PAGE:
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Kosinski, Jerzy


KOSINSKI, JERZY (1933–1991), U.S. novelist. Born the son of Mieczyslaw and Elzbieta Lewinkopf in Lodz, Poland, Kosinski's early years were shaped under Hitler's regime. The only full biography (Jerzy Kosinski by James Park Sloan, 1996) reports that the Jewish family survived as Catholic "Kosinskis," avoiding the camps. Postwar schooling resulted in two master's degrees (social science and history) and notoriety as a photographer before Kosinski emigrated to the U.S. in 1957 as a doctoral student.

There, Kosinski soon attained success as a writer. Under the pseudonym Joseph Novak, he completed The Future Is Ours, Comrade (1960) and No Third Path (1962). After these non-fictional works, Kosinski coined the term "autofiction," blurring the boundary between autobiography and literature, and confusing critics and interviewers. He wrote nine novels, two of which were revised and reissued. The Painted Bird (1965), banned in Poland, earned the Prix du Meilleur Livre Etranger in France and received public and critical acclaim.

Often claiming that portions were autobiographical, Kosinski also insisted that The Painted Bird was a work of fiction. It remains a classic of Holocaust literature, combining historical realities – not his own experience – with myth and fairy tales. Thereafter, Kosinski considered enduring themes: identity, technology, consumerism, sexuality, politics, and violence. His experiments with stylistic and narrative structures garnered both acclaim and criticism. Steps (1968) received the National Book Award and Being There (1970) was adapted by the author for a film, starring Peter Sellers (1979), which won the British Film Critics Award and an American Oscar. Other novels include The Devil Tree (1973, rev. ed. 1981), Cockpit (1975), Blind Date (1977), Passion Play (1979), Pinball (1982), and The Hermit of 69th Street (1988, rev. ed. 1991). A collection of his essays, Passing By (1992), was published after his death.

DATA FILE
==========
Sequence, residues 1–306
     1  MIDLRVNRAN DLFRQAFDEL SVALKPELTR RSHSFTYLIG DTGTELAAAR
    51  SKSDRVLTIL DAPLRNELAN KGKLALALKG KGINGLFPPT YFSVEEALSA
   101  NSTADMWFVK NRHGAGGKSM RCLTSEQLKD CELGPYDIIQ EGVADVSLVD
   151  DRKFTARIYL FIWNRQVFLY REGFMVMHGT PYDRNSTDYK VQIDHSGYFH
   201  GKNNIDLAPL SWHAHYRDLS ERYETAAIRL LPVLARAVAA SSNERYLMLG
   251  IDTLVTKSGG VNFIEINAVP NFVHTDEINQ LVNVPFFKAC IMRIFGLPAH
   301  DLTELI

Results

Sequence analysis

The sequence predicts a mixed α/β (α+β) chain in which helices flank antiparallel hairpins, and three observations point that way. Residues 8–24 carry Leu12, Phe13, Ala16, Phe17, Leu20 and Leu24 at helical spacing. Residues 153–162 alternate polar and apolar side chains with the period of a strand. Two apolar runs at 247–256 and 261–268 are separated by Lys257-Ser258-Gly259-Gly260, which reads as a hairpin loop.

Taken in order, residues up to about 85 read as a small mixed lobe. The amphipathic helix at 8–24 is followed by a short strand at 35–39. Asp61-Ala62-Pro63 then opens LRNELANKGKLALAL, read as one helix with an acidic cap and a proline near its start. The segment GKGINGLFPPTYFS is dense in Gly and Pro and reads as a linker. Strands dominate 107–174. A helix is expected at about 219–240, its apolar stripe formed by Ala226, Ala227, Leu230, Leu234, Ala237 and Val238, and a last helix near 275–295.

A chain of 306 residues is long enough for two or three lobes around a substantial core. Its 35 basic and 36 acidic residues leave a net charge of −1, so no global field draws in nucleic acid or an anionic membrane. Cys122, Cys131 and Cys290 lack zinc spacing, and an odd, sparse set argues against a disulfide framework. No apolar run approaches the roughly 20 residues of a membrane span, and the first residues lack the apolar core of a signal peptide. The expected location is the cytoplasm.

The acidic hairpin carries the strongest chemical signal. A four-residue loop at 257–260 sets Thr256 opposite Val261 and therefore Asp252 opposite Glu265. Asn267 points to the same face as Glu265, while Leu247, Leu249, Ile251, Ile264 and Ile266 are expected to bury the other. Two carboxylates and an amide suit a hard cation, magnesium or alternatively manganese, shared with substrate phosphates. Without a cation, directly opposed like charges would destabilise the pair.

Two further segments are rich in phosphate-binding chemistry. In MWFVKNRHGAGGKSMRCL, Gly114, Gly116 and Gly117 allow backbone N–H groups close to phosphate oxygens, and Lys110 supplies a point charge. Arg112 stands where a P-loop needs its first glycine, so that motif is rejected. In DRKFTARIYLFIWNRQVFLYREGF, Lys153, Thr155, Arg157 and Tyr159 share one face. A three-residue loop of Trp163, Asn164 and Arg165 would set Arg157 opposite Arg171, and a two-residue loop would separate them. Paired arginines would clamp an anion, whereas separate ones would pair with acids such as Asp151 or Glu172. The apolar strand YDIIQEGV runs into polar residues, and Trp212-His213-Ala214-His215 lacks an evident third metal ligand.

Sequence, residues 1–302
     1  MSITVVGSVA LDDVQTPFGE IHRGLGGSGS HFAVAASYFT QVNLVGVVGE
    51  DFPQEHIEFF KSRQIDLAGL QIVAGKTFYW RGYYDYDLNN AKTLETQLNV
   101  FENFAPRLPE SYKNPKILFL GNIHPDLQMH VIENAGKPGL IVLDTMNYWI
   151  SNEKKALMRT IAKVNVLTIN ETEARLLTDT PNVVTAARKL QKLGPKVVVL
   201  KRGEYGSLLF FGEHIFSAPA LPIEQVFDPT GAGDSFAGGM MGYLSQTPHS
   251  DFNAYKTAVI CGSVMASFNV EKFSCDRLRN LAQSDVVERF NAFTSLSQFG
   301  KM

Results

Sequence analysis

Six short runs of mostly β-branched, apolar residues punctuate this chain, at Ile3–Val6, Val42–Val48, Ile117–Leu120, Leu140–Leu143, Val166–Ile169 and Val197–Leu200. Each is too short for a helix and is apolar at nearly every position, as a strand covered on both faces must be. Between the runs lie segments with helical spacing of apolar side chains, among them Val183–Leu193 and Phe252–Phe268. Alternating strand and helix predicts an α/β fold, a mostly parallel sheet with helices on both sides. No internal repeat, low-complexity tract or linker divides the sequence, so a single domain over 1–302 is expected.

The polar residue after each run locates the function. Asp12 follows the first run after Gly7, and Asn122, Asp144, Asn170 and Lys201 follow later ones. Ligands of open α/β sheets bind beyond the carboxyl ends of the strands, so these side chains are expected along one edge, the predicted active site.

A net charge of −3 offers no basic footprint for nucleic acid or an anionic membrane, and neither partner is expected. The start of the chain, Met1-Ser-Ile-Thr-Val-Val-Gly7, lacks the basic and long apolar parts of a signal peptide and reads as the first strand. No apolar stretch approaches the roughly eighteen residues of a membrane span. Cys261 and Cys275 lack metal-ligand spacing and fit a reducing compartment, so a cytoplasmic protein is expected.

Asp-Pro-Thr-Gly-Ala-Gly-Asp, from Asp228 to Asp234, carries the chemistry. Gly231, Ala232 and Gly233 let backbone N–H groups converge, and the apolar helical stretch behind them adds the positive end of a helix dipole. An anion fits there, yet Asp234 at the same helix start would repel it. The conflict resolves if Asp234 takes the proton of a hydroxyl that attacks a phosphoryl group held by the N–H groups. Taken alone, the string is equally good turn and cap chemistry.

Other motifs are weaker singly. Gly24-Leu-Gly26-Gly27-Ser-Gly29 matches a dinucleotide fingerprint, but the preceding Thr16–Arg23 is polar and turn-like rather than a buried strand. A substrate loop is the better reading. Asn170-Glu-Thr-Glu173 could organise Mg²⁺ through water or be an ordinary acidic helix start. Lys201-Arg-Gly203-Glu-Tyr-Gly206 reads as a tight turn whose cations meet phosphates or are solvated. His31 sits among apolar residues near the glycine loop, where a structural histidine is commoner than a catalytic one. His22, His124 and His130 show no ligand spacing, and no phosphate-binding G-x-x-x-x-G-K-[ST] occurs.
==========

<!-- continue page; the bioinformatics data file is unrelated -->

As a writer and performer (as Zinoviev in Warren Beatty's film Reds (1981), the voice of Chaim Rumkowski in the documentary The Lodz Ghetto (1989), and a guest on tv talk shows), Kosinski continued to interest both European and American scholars/artists. Kosinski was president of the American chapter of pen (poets, playwrights, publishers, essayists, and novelists), from 1973 to 1975, and served on United Nations committees. He received the B'rith Shalom Humanitarian Freedom Award for his efforts in behalf of jailed writers. Kosinski also obtained a Guggenheim Fellowship (1967) and taught writing at Princeton, Wesleyan, and Yale. Charges launched by the Village Voice in 1982 that Kosinski relied heavily on collaborators/ghost writers have been largely dismissed by scholars, but the damage to his reputation was significant. He committed suicide in New York City, his home since 1957, in 1991.


B.T. Lupack (ed.), Critical Essays on Jerzy Kosinski (1998); J.P. Sloan, Jerzy Kosinski: A Biography (1996); W. Everman, Jerzy Kosinski: The Literature of Violation (1991).

[Mary Lazar (2nd ed.)]

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